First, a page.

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A referee has made history in a Sporting Lisbon vs Benfica match in Portugal .
He official showed a white card for the first time ever in the history of the sport.
The 'third card' has received a mixed response from fans on social media.
Football history was made on Saturday when a white card was brandished for the first time in a professional game in Portugal.
Fans are used to red and yellow cards for fouls and misdemeanours during a match, having been implemented over 50 years ago at the 1970 World Cup.
Portugal has now introduced a third colour as part of a series of new initiatives in the country.
Medical staff from both teams quickly went to their aid with referee Catarina Campos showing it to members of both sides' medical teams, prompting a warm reception from fans.
The card can be shown to recognise and encourage fair play and is designed to 'improve ethical value in the sport'.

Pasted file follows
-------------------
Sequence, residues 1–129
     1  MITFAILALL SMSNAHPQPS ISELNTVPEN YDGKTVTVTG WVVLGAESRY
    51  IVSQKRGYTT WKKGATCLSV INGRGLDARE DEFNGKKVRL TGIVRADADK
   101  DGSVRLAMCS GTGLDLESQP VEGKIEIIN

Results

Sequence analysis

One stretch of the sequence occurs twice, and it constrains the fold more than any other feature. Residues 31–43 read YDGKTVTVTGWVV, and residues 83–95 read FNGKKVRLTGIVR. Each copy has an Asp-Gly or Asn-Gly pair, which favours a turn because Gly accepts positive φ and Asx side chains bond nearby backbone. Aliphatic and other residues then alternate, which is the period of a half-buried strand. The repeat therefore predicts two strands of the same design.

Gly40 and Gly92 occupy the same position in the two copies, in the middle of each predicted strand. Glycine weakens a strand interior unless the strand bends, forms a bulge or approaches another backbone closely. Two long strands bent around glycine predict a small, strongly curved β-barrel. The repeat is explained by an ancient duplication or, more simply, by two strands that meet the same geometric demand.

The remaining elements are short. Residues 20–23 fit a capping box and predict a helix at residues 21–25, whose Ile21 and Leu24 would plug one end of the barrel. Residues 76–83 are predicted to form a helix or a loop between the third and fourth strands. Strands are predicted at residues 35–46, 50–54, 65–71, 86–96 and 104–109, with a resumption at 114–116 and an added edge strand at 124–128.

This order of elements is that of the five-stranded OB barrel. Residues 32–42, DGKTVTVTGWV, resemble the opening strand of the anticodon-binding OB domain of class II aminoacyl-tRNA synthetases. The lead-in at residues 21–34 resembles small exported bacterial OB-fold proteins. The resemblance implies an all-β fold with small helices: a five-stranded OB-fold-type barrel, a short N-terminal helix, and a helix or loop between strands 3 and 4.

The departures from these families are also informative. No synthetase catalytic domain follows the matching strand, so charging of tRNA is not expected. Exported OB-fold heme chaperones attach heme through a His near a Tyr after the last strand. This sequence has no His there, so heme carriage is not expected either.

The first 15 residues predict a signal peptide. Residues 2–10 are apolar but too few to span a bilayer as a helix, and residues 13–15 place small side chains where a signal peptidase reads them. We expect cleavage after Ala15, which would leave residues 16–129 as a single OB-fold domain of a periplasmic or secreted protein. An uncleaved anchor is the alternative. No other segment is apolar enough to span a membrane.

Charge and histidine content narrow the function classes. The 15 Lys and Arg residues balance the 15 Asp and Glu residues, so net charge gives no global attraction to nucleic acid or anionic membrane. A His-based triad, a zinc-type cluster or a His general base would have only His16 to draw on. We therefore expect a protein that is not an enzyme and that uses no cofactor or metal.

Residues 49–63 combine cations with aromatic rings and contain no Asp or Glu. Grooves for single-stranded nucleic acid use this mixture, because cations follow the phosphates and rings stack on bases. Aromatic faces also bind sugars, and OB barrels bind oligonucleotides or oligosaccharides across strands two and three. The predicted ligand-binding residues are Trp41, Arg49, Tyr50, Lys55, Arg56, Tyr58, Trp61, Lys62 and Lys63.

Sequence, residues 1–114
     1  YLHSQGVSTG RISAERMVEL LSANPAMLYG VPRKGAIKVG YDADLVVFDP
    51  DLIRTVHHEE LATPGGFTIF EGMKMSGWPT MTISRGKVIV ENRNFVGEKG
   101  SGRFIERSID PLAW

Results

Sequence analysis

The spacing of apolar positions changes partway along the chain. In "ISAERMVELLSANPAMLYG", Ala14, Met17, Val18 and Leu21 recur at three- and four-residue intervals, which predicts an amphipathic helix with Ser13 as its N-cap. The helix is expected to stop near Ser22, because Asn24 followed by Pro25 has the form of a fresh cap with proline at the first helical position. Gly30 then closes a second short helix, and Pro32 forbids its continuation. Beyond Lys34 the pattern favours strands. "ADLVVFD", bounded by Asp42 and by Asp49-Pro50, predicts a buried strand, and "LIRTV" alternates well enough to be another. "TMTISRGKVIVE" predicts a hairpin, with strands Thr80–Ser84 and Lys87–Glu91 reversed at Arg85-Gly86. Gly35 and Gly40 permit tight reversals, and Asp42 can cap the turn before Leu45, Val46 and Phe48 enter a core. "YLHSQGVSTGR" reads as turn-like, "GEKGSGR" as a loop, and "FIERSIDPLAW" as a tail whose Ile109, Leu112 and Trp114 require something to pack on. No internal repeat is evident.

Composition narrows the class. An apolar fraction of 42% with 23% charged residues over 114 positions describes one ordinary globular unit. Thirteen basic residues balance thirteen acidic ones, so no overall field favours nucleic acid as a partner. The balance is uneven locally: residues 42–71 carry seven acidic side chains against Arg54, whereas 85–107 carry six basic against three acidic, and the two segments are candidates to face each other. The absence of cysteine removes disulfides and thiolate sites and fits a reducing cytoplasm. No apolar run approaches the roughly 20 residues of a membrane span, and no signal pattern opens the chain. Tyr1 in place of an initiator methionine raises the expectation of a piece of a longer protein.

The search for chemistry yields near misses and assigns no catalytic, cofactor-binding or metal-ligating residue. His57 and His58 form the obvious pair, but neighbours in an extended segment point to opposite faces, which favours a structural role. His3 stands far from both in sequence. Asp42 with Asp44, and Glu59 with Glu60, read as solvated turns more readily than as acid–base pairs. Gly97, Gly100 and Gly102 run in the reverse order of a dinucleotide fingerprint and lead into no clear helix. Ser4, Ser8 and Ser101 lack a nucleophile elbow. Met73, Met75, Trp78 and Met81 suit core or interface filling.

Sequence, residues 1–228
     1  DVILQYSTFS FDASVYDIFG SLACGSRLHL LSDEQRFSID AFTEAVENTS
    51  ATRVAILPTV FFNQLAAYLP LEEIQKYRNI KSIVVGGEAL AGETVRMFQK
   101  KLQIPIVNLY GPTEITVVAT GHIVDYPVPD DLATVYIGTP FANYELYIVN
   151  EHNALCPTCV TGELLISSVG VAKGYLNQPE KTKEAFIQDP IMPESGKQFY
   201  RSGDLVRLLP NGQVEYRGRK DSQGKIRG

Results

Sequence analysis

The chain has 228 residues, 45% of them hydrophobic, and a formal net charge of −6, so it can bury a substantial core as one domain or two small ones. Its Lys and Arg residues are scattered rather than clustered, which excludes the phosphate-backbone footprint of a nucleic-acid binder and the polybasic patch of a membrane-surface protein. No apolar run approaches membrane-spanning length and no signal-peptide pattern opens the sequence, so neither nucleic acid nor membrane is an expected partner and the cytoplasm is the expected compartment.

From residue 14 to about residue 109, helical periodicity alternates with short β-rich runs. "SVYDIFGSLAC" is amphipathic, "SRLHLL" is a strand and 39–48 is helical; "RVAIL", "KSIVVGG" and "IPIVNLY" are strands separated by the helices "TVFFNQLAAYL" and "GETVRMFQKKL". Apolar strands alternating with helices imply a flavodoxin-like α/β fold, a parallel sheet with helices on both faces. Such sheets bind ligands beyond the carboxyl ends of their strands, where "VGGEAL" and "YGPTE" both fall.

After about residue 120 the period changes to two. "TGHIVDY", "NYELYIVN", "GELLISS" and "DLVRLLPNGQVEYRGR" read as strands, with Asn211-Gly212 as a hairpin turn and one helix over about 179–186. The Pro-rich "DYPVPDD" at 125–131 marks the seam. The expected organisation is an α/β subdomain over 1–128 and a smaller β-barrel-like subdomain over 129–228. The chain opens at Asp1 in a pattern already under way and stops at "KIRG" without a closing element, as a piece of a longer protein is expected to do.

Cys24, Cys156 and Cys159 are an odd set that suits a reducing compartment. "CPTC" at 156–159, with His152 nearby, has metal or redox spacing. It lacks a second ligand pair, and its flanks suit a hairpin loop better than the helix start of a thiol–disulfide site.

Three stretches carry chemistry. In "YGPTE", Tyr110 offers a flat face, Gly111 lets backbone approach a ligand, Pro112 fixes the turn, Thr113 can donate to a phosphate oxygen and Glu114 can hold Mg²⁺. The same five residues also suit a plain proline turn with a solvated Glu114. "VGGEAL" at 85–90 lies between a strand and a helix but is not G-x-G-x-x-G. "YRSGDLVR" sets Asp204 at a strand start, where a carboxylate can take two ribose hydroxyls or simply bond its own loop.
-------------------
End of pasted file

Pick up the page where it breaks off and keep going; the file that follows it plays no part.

The move is part of a new initiative in Portugal to encourage sides to act in a sporting manner and receive instant recognition for their positive actions.
The white card provides immediate recognition for a positive act during a football match.
The initiative isn't widespread just yet and is currently consigned to Portugal, but it's part of a wider series of new introductions in football.
Much like the extra stoppage time seen at the World Cup, the white card has received a somewhat mixed reaction on social media.
Many people responded with praise, showing their appreciation for what the card represents.
However, others couldn't quite see the point of what is essentially a symbolic gesture.
One Twitter user replied: 'Effectively means nothing as far as I can tell.'
Technically, yes. Previously, former UEFA president Michel Platini had called for the introduction of a white card as a punishment for dissent, that would leave guilty players in a 10-minute sin-bin.
Platini suggested the white card to help combat the 'craze of contesting the referee', which he branded 'a veritable epidemic in football'.The Frenchman's ideas went no further, though.
It is unlikely that we will see the card brought in to the Premier League anytime soon.
For the time being, it remains a Portuguese initiative only - rather than anything led by the International Football Association Board - so eyes will be kept on how it is received in the coming months.
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